Senegal: Former Prime Minister Charged With Endangering State Security

Dakar — Former prime minister Idrissa Seck, an emerging political rival to President Abdoulaye Wade, has been charged with endangering national security and remanded in custody until his trial.

Seck, who served as Wade's prime minister from November 2002 until April 2004, was formally charged on Saturday after spending a week in police detention.

During that time, Seck was questioned about allegations of massive overspending on public works in the city of Thies, where he serves as mayor.

The government has not spelled out publicly how Seck is supposed to have endangered national security or whether the charges against him are connected to allegations that he squandered 46 billion CFA francs (US $84 million) on public works projects in Thies that were only budgeted at 25 billion CFA (US $45 million).

Supporters of the 46-year-old politician have accused Wade of simply bringing the charges in order to silence a political rival.

Seck, who has made clear his ambition to become president, was taken into police custody on 15 July. He was transferred to the main prison in Dakar at the weekend after formal charges were laid against him.

Seck has repeatedly denied any wrongdoing and his defence team told IRIN that the charges against him were politically motivated.

"No specific fact was brought against him and no proof was submitted against him," said Boucounta Diallo, the coordinator of his team of Senegalese and French defence lawyers.

"Mr. Seck is completely innocent of everything he has been accused of," he added.

Ousmane Seye, a government lawyer, said Seck had refused to answer any police questions about municipal spending on public works in Thies, Senegal's second largest city, which lies 70 km east of the capital Dakar.

Widely regarded as a rival and potential successor to 78-year-old Wade within the ruling Democratic Party of Senegal (PDS), Seck has never denied that he has presidential ambitions.

However, he has consistently said that he would not stand against Wade if the aging president chose to seek re-election in 2007.

As the number two figure in the PDS, Seck played a key role in securing Wade's election as president and in constructing political alliances with minority parties that gave Wade's supporters 89 of the 120 seats in parliament in the 2001 general election.

He was made chief of staff of the president's office immediately after Wade's election and occupied the post for two years until he was made prime minister.

But the two men fell out last year and Seck was sacked as a result.

Wade's present drive to prosecute his former ally for "endangering state security and national defence" may prove difficult, since the constitution accords Seck certain privileges as a former prime minister.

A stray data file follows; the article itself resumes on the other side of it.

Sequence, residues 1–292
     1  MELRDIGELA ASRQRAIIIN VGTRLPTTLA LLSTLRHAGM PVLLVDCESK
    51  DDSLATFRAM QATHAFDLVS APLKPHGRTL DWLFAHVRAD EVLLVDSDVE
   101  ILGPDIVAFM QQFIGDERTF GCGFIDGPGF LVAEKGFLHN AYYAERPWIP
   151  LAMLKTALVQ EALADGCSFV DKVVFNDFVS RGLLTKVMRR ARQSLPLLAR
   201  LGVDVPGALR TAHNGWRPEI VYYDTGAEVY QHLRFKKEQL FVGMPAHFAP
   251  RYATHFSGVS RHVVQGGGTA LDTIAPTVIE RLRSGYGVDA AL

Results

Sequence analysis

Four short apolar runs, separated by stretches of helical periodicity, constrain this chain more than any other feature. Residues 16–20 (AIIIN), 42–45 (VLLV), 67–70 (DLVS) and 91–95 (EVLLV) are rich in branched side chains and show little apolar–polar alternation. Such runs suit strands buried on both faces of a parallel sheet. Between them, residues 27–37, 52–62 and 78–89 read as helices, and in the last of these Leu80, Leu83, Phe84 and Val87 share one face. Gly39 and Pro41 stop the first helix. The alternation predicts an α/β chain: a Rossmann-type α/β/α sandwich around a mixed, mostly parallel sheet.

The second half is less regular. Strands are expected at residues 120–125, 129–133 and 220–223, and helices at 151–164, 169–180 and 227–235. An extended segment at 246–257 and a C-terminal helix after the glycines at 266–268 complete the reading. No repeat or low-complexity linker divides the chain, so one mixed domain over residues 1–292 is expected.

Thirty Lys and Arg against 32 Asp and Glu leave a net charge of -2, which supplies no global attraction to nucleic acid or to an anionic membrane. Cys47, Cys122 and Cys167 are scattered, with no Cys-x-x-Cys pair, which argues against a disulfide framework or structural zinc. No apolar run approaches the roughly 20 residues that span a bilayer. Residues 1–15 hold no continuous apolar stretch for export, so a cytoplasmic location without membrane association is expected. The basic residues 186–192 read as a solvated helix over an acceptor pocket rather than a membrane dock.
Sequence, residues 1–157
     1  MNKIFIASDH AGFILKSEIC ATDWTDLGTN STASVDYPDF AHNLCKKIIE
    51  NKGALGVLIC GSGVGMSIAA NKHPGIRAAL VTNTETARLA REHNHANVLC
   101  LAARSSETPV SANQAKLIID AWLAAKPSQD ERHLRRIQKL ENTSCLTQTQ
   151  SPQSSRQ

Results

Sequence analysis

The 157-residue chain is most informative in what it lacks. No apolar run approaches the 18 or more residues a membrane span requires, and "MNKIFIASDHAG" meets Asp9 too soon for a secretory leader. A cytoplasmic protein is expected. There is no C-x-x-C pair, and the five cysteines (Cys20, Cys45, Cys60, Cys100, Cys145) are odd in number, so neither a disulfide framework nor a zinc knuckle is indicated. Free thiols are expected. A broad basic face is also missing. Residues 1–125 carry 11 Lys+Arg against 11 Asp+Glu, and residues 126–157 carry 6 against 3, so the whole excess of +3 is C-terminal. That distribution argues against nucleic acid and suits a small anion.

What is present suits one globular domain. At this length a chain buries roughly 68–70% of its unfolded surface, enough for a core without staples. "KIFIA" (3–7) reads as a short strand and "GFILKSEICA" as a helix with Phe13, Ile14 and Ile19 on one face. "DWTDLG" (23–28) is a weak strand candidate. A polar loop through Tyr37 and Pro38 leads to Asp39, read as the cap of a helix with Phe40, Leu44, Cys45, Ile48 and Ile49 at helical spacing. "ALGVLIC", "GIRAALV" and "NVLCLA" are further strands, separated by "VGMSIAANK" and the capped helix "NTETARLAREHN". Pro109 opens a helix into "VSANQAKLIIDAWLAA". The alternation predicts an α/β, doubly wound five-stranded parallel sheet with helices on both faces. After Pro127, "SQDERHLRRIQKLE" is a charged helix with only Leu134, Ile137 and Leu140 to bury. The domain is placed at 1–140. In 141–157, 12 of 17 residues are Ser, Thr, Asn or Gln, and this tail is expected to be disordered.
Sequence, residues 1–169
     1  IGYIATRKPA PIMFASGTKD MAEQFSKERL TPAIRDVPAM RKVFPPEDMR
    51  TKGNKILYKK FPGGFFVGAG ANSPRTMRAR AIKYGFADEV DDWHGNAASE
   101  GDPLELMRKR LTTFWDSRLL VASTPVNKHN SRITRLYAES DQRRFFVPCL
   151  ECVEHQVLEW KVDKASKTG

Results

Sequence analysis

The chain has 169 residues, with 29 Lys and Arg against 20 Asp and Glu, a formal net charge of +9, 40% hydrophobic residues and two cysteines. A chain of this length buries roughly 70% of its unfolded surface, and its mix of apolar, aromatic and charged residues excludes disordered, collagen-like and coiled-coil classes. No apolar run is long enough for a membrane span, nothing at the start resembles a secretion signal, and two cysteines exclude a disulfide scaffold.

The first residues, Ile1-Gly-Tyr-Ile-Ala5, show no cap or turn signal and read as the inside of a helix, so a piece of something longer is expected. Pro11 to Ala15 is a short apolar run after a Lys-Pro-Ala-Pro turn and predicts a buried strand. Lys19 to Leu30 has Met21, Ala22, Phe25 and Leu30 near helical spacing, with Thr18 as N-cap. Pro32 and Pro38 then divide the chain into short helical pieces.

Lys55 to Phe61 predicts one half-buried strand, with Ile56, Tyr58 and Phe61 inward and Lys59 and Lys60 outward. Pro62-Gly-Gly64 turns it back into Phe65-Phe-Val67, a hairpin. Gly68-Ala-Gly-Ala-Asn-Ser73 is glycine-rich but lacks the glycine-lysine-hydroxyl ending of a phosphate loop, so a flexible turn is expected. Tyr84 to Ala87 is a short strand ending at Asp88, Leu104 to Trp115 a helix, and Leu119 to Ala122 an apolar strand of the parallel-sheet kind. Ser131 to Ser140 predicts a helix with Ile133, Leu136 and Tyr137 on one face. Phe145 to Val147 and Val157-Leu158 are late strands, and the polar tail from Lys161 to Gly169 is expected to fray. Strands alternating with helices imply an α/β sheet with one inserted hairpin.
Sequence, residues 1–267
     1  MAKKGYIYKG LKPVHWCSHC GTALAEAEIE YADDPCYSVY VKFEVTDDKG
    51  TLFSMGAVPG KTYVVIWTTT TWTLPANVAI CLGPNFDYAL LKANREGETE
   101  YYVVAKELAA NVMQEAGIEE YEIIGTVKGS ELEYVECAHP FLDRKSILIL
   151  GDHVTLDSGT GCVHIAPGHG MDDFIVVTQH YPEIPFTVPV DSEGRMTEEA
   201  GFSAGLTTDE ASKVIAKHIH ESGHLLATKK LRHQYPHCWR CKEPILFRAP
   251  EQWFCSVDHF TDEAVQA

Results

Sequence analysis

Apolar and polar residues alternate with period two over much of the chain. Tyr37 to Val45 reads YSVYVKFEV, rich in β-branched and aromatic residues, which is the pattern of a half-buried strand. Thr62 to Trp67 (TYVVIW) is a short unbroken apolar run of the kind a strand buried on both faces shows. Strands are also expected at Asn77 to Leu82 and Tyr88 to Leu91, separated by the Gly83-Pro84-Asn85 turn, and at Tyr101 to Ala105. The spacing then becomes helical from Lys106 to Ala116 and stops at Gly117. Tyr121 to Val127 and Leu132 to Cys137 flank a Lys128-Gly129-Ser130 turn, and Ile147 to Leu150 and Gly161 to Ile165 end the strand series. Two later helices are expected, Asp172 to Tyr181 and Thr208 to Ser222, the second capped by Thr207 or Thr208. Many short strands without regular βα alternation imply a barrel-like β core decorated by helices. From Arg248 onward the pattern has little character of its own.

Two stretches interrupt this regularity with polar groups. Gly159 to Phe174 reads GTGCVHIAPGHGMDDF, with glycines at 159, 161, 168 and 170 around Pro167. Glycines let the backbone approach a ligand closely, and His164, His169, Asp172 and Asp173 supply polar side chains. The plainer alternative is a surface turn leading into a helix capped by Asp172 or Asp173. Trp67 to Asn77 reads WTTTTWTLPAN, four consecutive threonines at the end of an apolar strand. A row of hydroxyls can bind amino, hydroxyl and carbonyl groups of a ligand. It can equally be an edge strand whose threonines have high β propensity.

Parliament must first approve the government's move to bring charges against Seck by a 60 percent majority.

If the legislature gives its consent, Seck will then be brought before a special court to be judged by a committee of eight senior judges and eight members of parliament.

Senegal has until recently had a reputation for democracy and tolerance in West Africa, a region plagued by military coups and civil wars.

The country has enjoyed uninterrupted civilian rule since independence from France in 1960 and Wade peacefully ended four decades of rule by the Socialist Party when he came to power in the 2000 elections.

But five years into his seven-year presidential term, Wade is facing increasing criticism for his increasingly authoritarian style.

In May, Abdourahim Agne, the vocal leader of the small centre-left Reform Party (PR), was arrested and charged with threatening the state after he urged people to take to the streets to demand Wade's resignation.

Shortly aftwards dissent broke out within the PDS's own ranks when 12 members of parliament close to Seck briefly defected from the ruling coalition.

Following their walkout, Seck's home was attacked and a pro-PDS student leader was knifed.

Such incidents of political violence are relatively rare in Senegal, but they have become more common in recent years.

Diallo, Seck's chief defence lawyer, pointed out that ironically the president was bringing charges against Seck under four articles of the legal code which he had earlier vowed to abolish.

This special "High Court of Justice" was last convened in 1962 to hear charges that Mamadou Dia, the then prime minister had been plotting a coup against Senegal's first president, Leopold Senghor. He was found guilty and sentenced to life imprisonment.

Sidiki Kaba, the chairman of the Paris-based International Federation of Human Rights (FIDH), who is another lawyer in the defence team has no doubt why Seck is in prison.

"He is a political prisoner and we are defending him," Kaba said of Seck.

[ This report does not necessarily reflect the views of the United Nations ]

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